Newly unsealed court documents reveal that Wyeth Pharmaceuticals paid ghostwriters to produce forty scientific papers to promote the benefits and downplay the risks of Premarin and Prempro, their hormone therapy drugs. These drugs grossed nearly $2 billion dollars in 2001. The articles, published in medical journals between 1998 and 2005, failed to disclose Wyeth’s role in initiating and paying for the work.
What seemed like a growing medical consensus started falling apart in 2002 when a large government study was halted after researchers found that menopausal women who took Prempro had an increased risk of invasive breast cancer, heart disease and stroke. Nevertheless, Wyeth Vice President, Doug Petkus now tells the news media that the ghostwritten articles were “scientifically accurate” and never “misrepresented the science.” However, Ted Meadows, one of our lawyers, specifically asked Petkus in his 2005 deposition whether there was “ever any ghostwriting done with respect to hormone therapy products?” His answer: “I don’t know.”
Most of the ghostwriting documents were uncovered by our friend and a fine lawyer, Jim Szaller. They provide a paper trail showing how Wyeth contracted with a company to draft articles and solicit well-known physicians to sign their names, even though the doctors contributed little or no writing. Because practitioners rely on medical literature, the concern is that such subterfuge leads to changes in prescribing habits without knowing the articles were written by a drug company.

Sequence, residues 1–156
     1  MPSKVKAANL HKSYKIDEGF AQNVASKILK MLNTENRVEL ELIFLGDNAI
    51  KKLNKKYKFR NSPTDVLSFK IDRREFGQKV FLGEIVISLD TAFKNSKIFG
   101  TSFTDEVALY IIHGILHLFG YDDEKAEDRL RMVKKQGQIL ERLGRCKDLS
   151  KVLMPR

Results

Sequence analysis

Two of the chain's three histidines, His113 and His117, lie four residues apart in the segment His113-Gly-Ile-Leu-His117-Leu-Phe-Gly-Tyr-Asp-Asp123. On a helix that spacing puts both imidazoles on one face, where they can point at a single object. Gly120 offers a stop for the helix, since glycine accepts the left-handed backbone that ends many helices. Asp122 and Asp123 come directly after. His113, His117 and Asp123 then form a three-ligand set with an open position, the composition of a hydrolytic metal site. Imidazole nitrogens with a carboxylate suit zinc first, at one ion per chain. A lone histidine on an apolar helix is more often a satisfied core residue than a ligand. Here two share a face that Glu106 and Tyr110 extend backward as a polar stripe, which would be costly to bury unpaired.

Approximately 12,000 women have sued Pfizer and/or Wyeth claiming that their hormone drugs caused serious medical conditions, including breast cancer. So far, eight of ten juries have agreed and returned large verdicts. The companies have also settled at least eight other cases on the eve of trial.
Our firm represents a number of women who have filed suit against Wyeth and/or Pfizer. We are currently set for trial in Philadelphia, where Judge Moss has ordered that 16 cases be tried, starting in September and ending in the first half of 2010. We also hope that several other hormone therapy cases will soon be set for trial in other parts of the country during 2010. If you would like more information, you can contact Ted Meadows, Melissa Prickett or Russ Abney at 800-898-2034 or by email at Ted.Meadows@beasleyallen.com, Melissa.Prickett@beasleyallen.com, or Russ.Abney@beasleyallen.com.
Source: Bloomberg News
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